Blow up the moonHow many times have you fallen in love with an artist’s first album, or first few albums, only to have them release something that’s a complete departure from what you loved about them in the initially? It seemingly happens on a pretty regular basis either through the choices of the artist or perhaps the label trying to broaden the potential audience reach in order to improve market penetration and sales.

Recently this has happened to two bands that I greatly enjoy – Blues Traveler and Mumford & Sons.

I make no secret of my love for Blue Traveler, proudly declaring them as my favorite band of all time. Their latest offering, though, is one of the biggest departures from their style since their album Bridge was released after the deal of the original bassist Bobby Sheehan.

The reason this album was a bit of a departure is due to the fact that Blues Traveler invited several other artists into the studio with them to turn Blow Up The Moon into a fully collaborative affair. With certain tracks like “Nikkia’s Prom,” “Top of the World,” and “Darkness We All Need” providing the characteristic blues/rock/jam band feel that is native to the group, many of the tracks departed from their traditional sound to broader musical horizons including country, reggae, and even more electronic sounds.

The fact is the album carries an immense amount of talent and merit for what was accomplished, with comparisons made to Carlos Santana’s Supernatural in that it brought the perspective of many different voices and styles while having a unifying presence – in this case John Popper’s voice and his lilting, melodic harmonica.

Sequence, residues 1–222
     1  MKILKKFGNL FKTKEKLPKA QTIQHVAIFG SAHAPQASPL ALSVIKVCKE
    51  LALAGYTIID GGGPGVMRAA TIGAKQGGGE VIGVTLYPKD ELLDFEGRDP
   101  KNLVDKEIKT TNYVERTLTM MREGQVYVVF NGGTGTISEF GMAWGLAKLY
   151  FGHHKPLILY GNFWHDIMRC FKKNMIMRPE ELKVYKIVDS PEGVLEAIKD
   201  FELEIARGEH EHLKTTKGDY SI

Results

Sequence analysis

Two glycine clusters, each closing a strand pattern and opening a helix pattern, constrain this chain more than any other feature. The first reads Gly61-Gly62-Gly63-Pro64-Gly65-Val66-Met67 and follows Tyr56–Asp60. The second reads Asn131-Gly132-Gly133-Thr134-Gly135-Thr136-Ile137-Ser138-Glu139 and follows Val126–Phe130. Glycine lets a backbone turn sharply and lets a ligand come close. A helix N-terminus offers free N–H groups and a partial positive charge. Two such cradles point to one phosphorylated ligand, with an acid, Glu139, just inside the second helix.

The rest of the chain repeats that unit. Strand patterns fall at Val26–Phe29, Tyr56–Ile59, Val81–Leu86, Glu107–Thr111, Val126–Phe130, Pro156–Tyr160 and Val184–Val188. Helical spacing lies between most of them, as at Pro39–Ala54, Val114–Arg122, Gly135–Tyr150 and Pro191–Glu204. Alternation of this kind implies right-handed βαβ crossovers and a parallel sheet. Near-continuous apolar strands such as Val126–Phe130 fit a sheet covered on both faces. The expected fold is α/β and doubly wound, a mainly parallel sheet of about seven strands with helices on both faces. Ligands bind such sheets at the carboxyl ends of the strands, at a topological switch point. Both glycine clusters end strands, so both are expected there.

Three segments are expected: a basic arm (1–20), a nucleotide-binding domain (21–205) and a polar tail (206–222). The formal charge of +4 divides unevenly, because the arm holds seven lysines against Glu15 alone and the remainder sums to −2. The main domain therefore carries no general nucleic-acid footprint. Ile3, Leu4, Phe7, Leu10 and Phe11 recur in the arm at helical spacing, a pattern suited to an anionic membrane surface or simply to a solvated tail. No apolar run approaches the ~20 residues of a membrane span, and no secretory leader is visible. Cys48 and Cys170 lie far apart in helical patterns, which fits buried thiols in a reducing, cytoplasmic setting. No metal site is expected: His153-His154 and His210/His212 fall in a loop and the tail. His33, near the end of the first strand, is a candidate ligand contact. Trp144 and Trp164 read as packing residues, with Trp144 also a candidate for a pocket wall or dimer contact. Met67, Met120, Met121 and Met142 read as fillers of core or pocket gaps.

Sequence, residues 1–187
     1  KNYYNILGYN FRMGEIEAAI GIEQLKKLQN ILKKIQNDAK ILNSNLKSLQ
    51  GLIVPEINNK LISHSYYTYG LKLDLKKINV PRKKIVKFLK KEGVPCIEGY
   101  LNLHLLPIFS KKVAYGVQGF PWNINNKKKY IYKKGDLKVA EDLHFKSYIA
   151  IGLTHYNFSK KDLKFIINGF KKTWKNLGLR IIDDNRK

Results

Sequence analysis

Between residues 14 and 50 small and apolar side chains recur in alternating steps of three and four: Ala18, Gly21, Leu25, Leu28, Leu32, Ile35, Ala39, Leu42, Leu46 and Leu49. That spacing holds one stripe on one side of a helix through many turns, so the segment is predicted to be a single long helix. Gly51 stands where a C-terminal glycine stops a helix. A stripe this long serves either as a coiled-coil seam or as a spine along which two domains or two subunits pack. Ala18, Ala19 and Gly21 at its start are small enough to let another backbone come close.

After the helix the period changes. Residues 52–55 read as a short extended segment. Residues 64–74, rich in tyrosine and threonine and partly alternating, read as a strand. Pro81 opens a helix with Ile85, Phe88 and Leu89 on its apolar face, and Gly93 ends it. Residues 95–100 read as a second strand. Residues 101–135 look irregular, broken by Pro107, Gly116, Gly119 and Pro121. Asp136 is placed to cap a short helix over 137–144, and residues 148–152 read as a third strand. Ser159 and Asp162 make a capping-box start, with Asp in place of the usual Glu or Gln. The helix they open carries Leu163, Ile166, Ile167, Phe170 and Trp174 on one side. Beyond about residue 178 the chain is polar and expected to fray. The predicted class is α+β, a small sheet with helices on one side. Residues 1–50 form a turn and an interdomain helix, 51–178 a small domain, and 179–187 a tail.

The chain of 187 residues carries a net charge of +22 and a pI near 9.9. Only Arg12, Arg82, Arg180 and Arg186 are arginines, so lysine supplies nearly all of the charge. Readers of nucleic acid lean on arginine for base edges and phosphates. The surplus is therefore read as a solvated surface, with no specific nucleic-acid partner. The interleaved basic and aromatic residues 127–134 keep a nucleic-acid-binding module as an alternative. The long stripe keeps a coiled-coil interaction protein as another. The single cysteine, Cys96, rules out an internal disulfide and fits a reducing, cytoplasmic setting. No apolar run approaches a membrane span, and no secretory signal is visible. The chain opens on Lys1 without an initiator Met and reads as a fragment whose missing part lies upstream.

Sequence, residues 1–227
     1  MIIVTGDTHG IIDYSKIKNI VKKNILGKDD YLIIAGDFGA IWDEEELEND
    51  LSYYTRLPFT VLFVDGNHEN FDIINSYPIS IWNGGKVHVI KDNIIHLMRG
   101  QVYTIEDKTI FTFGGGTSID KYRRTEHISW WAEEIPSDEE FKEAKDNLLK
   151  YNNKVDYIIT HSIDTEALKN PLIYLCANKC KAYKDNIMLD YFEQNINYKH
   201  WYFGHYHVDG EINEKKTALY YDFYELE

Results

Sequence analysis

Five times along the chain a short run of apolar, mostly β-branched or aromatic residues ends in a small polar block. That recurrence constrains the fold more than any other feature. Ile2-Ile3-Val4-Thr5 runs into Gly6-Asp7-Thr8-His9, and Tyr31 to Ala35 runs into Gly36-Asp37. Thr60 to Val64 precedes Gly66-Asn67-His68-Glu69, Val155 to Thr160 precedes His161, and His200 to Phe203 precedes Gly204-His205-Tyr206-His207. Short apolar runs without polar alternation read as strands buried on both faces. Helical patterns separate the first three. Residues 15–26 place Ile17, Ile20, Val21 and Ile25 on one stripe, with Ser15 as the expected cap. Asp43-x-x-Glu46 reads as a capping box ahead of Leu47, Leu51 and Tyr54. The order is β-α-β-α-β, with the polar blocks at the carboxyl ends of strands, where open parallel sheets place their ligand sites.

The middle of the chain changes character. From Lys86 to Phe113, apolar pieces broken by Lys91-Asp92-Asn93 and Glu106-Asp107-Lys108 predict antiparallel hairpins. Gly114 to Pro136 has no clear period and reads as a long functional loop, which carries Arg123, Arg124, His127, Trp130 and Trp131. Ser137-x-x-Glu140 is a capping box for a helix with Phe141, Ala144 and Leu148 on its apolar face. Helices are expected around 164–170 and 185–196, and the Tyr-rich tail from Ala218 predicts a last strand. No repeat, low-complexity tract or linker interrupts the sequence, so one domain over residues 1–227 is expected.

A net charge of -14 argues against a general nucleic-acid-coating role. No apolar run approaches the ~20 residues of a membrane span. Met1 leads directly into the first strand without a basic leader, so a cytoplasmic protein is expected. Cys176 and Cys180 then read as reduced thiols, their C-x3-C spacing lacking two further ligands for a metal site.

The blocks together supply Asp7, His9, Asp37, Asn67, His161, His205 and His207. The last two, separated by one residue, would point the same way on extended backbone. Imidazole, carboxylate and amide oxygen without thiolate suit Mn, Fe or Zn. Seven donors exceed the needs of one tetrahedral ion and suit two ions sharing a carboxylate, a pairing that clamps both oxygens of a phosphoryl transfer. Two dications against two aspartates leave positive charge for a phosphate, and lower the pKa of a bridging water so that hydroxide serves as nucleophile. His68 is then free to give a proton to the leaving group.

The release from Mumford & Sons, Wilder Mind, brings a slightly different interpretation of an evolving sound. This group also known for elongated solos when performing live, as well as tight vocal harmonies, Mumford & Sons took a slightly different path putting down the acoustic instruments and redirecting from their more bluegrass influenced roots to produce a more traditional rock album.

Wilder MindAgain this is an album with a lot of good things going on and it was not a bad transition, but it might definitely upset some of their following that preferred the bluegrass sound and style. The intricacy and detail that has always been present in their performances and recordings has not diminished, but the heavy presence of those vocal harmonies that really spoke to me personally from their first two albums was greatly missed.

In this day of instantaneous gratification and innumerable amounts of content being produced and released on a daily basis, doing something unique and different is more and more difficult. However, to do one thing, to do it well, and to only do that will ultimately reach a point for an artist where it feels unsatisfying.

People, artists, and the art itself must grow and develop over time. An artist like Joshua Radin, well known for a more depressing and brokenhearted lyrical tale, has the right to find love and be happy – and that will change his artistic inclination and style as he’s developing his songs (as it did in his most recent release Onward and Sideways).

We may not always like the next album our favorite artists produce, but that doesn’t take away from the value, merit and talent that it took to create it. Trying to make that first listen without the bias of what you want, or even expect, to hear might not only be a disservice to your favorite band, it could also be cheating you out of something new that you could love just as much. So give that album you might not have been drawn to the first time another listen and see what new greatness you discover.

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